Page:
I'm not sure about this one. It sounds like a term George W. Bush would've come up with (“Iraq is now part of the Freedom Club, a coalition of freedom-loving nations.”) or, more likely, a right-wing thinktank. And ironically, it also sounds like the policy they'd come up with: beat our enemies with a freedom club.

A generic title that tells us nothing whatsoever about the show. Nor is it specific enough to evoke an image or sensation.

The implication of children getting hurt, and badly, has to be quite a turnoff for ticketbuyers―I admire the playwright's willingness to alienate before the show's even started! Sonically, it's pretty good but not great. The 'g' & 'j' sounds echo one another well, & so does the proximity of the 'r' & 'oo' sounds in 'grue-' and '-jur-'. But it lacks syncopation.

A clear improvement on Green Eyes. 'Honey blue eyes' is more standard (though it makes less sense to me), which adds a small cognitive hook to the title. And there's something smart about honoring the most prosaic eye color with poetry.

I like this. Like Gruesome Playground Injuries, it dares its audience to see it. It also takes a classic titling structure―“the (adjective) key action of the character”―and adds dark humor. And paradox too: note that the root of 'interminable' is 'terminate', so it's an ending that never ends!

Our first 'title = protagonist' of 2011. Ibsen (for he wrote this one) includes the character's middle name. It's an allusion to the Archangel who served as God's messenger (& would blow the trumpet at the Last Judgment). And 'bork' is Norwegian for, uh, 'bark', as of a tree. What's that signify? I dunno.

This phrase is almost stubbornly ambiguous. Which men? All men? Go down where? To their death, to the seaport, on other men, or what? If it's a quote, it's too obscure to catalog.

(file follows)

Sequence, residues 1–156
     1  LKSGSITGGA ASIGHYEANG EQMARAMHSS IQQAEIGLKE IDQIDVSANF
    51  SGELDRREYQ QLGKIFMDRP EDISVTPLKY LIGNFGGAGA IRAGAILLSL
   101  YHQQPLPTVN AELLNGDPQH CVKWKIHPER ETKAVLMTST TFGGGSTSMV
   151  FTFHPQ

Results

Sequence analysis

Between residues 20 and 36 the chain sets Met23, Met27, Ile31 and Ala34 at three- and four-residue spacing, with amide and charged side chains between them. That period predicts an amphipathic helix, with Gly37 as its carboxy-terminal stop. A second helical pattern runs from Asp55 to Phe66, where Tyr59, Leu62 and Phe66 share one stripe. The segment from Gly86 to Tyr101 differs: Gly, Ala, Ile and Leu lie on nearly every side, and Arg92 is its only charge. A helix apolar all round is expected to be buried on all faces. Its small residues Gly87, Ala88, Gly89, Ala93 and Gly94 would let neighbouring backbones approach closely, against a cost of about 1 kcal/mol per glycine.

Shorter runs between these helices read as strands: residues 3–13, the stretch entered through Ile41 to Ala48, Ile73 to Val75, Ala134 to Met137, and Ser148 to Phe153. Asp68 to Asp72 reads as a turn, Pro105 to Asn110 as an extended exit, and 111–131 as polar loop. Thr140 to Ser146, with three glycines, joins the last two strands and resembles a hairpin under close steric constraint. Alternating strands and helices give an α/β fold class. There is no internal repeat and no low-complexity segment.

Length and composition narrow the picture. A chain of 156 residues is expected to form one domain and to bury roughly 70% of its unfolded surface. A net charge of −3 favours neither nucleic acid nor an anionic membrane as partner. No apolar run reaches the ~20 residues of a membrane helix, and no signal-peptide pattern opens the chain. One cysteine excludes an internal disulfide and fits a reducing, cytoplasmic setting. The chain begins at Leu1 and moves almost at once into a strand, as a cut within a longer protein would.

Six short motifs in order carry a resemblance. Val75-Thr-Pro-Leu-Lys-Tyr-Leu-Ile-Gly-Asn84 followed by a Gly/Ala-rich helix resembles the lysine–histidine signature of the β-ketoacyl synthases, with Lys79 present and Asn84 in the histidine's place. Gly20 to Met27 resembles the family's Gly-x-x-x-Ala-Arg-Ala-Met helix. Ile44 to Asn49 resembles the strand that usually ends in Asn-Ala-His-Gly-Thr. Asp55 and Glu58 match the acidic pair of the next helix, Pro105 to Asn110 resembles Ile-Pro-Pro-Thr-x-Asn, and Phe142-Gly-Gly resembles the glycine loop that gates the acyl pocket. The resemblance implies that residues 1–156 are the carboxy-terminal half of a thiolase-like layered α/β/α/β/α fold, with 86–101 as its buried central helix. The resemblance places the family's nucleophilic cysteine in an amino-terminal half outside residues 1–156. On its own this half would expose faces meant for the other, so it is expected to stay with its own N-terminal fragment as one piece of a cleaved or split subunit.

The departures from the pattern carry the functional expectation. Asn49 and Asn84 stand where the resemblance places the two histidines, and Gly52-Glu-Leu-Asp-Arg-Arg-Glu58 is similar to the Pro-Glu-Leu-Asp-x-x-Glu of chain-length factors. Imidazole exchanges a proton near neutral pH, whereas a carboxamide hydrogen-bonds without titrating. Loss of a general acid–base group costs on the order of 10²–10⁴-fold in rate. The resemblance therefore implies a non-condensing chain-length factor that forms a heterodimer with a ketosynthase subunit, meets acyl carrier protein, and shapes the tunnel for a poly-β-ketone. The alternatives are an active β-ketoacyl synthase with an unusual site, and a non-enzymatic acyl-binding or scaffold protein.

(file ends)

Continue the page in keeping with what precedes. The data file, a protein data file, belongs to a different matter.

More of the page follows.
I'm fond of full-sentence titles. This one implies isolation and decline. A milk train stopped at every podunk station to pick up milk & deliver into the city; obviously, if the milk train no longer stops 'here', it's been abandoned by the outside world.

A rarity: a clear yet elegant title. This show adapts Shakespeare's Lear, apparently. The triplicate long 'e' leaves no syllable unstressed, while the 'r' & 'l' swap positions from one word to another.

In the late 19C, the New York Idea referred to the notion that Gotham is the most modern, sophisticated place on Earth. (I believe, but can't prove, that it was actually a term of reverse snobbery by non-NYers.) In circa 1906, Langdon Mitchell took it as the title to his prototypical screwball comedy, which sees rich divorcees celebrating that they can marry for love.

Not to be confused with Ovid's Metamorphosis, presumably. Actually, I don't take issue with that distinction. It's the company's name, Pants on Fire, that sinks the title. It's very contempo British theater: past zany to outright inane.

I'm not sure what the curators of the Coil Festival intend by the name. 'Coil' isn't an acronym, and it's has no meaning in a theatrical context. I guess it's distinctive & therefore kind of memorable. But mostly it does nothing for me.

Culturemart, on the other hand, has a nice ring to it. It implies that it's a one-stop shop for arts culture. But  there's a tongue-in-cheek tone that's hard to pinpoint, suggesting that the curators don't support the commodification of art after all.

From experience, I can tell you that this showcase offers more imagination than its title implies. 'Under the radar' is such a cliché that it comes across as crass, clumsy marketing. The curators would do well to consider changing it.